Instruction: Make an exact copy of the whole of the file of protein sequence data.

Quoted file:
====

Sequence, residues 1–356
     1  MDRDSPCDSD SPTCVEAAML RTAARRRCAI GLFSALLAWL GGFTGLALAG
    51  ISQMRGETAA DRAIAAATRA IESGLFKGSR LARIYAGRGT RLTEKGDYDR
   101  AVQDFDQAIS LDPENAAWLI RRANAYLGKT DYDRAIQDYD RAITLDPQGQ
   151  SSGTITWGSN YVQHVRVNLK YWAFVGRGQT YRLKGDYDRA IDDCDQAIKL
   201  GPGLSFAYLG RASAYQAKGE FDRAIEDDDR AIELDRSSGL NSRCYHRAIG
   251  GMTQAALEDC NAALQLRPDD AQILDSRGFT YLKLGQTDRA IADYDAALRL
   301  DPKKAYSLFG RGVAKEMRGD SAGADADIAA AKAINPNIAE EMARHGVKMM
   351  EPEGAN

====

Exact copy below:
Sequence, residues 1–356
     1  MDRDSPCDSD SPTCVEAAML RTAARRRCAI GLFSALLAWL GGFTGLALAG
    51  ISQMRGETAA DRAIAAATRA IESGLFKGSR LARIYAGRGT RLTEKGDYDR
   101  AVQDFDQAIS LDPENAAWLI RRANAYLGKT DYDRAIQDYD RAITLDPQGQ
   151  SSGTITWGSN YVQHVRVNLK YWAFVGRGQT YRLKGDYDRA IDDCDQAIKL
   201  GPGLSFAYLG RASAYQAKGE FDRAIEDDDR AIELDRSSGL NSRCYHRAIG
   251  GMTQAALEDC NAALQLRPDD AQILDSRGFT YLKLGQTDRA IADYDAALRL
   301  DPKKAYSLFG RGVAKEMRGD SAGADADIAA AKAINPNIAE EMARHGVKMM
   351  EPEGAN